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Leading a Globally Distributed Team

Remote
Team Processes
Cultural Differences

28 June, 2021

Arijit Saha
Arijit Saha

SVP - Head of Engineering at Noodle.ai

Arijit Saha, SVP - Head of Engineering at noodle.ai, shares some of the challenges of leading a team with offices in the US and India, emphasizing those relating to time zone differences.

Problem

My company has offices in San Francisco, US and Bangalore, India. I’m intentionally using the term office for the Bangalore team because we don’t believe in the offshore model as such. Obviously, having the Bangalore office entails some cost benefits, but we are primarily interested in attracting talent. So we look at it as a pool of talent we can tap into and which allows us to be competitive in the world market.

I’ve been working with teams distributed across the world throughout my career and spent significant time working both in India and the US. Some of those experiences came in handy when I joined my current company and when we decided to build a globally distributed team. But nevertheless, there were still many challenges I had to navigate in order to set our distributed team up for success.

Of all challenges that a globally distributed team implies, time zone difference gave me the most trouble. My past experience with time zones was East Coast vs. India, but that had a better overlap in one side of the day in comparison to West Coast vs. India time zone, where inevitably collaboration time spills over both AM & PM hours. So I had to start planning and thinking one day ahead. Notable time zone difference particularly impacted senior people who had to communicate much more, stretching their working hours from morning till night.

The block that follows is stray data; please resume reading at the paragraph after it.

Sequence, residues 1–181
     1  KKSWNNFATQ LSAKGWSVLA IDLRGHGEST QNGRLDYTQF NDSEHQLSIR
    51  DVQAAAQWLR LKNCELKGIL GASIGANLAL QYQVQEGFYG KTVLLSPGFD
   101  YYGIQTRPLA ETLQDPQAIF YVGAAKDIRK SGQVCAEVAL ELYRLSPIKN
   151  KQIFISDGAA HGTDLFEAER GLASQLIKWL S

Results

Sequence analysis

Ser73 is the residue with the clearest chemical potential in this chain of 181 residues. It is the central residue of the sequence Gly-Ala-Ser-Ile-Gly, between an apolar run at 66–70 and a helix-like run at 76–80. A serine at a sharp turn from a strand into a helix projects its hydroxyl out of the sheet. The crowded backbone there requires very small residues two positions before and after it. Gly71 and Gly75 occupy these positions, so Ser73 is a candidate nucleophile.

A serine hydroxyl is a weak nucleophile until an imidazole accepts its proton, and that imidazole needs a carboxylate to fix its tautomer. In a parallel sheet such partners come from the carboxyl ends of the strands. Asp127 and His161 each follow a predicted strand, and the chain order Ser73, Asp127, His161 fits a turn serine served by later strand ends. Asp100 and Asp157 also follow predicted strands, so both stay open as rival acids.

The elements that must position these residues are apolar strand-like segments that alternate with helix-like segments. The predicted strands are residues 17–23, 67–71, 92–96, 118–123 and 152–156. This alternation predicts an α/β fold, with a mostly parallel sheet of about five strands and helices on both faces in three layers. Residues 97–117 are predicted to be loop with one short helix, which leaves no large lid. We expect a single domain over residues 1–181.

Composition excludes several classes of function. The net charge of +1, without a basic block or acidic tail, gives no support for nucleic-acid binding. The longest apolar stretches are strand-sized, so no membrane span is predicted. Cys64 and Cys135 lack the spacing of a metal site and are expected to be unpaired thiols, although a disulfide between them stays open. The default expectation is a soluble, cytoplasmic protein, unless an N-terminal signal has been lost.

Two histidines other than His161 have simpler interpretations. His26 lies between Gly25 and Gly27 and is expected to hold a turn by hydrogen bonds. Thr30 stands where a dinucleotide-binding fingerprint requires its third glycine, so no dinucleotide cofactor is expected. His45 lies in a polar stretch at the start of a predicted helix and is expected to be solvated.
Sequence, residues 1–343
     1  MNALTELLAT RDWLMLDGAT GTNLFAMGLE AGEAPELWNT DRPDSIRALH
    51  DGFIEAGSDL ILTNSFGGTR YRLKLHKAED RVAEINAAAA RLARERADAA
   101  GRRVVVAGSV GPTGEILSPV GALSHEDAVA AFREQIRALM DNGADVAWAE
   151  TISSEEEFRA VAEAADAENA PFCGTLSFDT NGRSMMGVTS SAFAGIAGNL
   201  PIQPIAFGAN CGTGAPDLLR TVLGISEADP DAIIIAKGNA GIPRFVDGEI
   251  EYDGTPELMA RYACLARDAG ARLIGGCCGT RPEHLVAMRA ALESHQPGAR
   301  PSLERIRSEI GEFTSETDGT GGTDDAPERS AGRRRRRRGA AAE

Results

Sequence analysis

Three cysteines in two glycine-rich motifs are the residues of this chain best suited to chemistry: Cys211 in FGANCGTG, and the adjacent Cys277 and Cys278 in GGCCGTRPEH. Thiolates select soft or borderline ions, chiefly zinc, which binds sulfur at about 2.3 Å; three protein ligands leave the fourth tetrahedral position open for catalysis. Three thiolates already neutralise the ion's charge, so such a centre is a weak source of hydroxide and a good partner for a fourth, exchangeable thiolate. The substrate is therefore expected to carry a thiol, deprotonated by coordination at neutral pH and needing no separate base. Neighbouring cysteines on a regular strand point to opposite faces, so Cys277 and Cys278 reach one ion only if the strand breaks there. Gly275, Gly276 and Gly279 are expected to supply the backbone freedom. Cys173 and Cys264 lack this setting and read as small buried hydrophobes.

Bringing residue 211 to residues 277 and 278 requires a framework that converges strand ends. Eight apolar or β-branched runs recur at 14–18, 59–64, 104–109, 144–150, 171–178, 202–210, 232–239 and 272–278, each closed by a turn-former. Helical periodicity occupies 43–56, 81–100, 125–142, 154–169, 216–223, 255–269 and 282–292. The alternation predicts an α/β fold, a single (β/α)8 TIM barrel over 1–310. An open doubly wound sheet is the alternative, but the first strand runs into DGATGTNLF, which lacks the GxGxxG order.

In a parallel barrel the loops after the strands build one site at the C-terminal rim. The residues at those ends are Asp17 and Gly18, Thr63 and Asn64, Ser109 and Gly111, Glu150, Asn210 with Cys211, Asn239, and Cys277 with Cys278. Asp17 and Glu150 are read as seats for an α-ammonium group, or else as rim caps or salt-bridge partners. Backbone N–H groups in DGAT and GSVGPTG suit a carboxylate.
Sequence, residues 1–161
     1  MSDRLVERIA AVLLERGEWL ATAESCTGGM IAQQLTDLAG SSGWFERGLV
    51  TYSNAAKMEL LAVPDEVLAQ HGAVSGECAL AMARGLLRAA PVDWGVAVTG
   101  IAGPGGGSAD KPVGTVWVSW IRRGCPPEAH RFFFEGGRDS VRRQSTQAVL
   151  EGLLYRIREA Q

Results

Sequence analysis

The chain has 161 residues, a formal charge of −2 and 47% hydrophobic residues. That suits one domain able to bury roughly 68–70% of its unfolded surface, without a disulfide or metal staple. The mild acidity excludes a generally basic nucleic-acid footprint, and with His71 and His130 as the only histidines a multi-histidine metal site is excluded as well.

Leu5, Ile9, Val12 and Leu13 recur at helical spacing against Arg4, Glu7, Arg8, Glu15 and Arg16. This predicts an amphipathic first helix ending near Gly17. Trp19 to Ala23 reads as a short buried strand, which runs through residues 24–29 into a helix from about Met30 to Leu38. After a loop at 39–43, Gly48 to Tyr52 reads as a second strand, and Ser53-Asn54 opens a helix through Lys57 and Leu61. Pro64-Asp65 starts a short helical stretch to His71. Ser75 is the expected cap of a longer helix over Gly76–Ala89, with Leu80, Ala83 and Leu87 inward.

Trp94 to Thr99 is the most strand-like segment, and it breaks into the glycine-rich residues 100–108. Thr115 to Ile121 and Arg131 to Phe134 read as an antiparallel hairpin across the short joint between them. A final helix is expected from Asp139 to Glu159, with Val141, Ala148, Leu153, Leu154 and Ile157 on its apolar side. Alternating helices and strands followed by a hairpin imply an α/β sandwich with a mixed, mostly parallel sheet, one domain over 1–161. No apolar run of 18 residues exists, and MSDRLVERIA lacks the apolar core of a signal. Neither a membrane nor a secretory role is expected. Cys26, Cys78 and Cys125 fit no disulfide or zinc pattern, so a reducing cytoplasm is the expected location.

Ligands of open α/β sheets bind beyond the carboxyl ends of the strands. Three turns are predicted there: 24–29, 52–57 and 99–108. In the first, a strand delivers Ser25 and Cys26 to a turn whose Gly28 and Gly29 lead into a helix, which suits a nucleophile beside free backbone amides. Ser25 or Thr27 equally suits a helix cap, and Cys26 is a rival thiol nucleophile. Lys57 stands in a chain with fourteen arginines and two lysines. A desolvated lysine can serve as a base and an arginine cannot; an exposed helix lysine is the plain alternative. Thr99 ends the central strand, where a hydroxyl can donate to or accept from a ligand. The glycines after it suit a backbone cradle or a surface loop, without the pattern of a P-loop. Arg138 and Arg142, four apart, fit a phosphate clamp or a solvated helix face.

Actions taken

It didn’t take me long to realize that handoff had its cost. It took a lot of communication and occasional swinging over to ensure alignment and smoothness of communication. Though we were aware of how costly that could be, we didn’t have enough people at the early stages to approach it differently. So many people were sacrificing their personal lives to make that communication possible.

Their distress made us more aware that we should be more effective in our communication. I tried to co-locate the work as much as I could, given the resources we had, and reduce the number of meetings, especially those involving people from different time zones. But that is not always doable and depends heavily on the size/phase of growth and type of work.

Therefore, the most reasonable approach at that moment was to identify a number of senior engineering managers both in the US and India who could take on most of the communication and thus spare the whole team from sitting through multiple long calls. We also added some more people who could help with communication through targeted hiring at both ends. In a nutshell, those people would sacrifice significant time to communicate and bridge the gap between different time zones while shielding the rest of the team.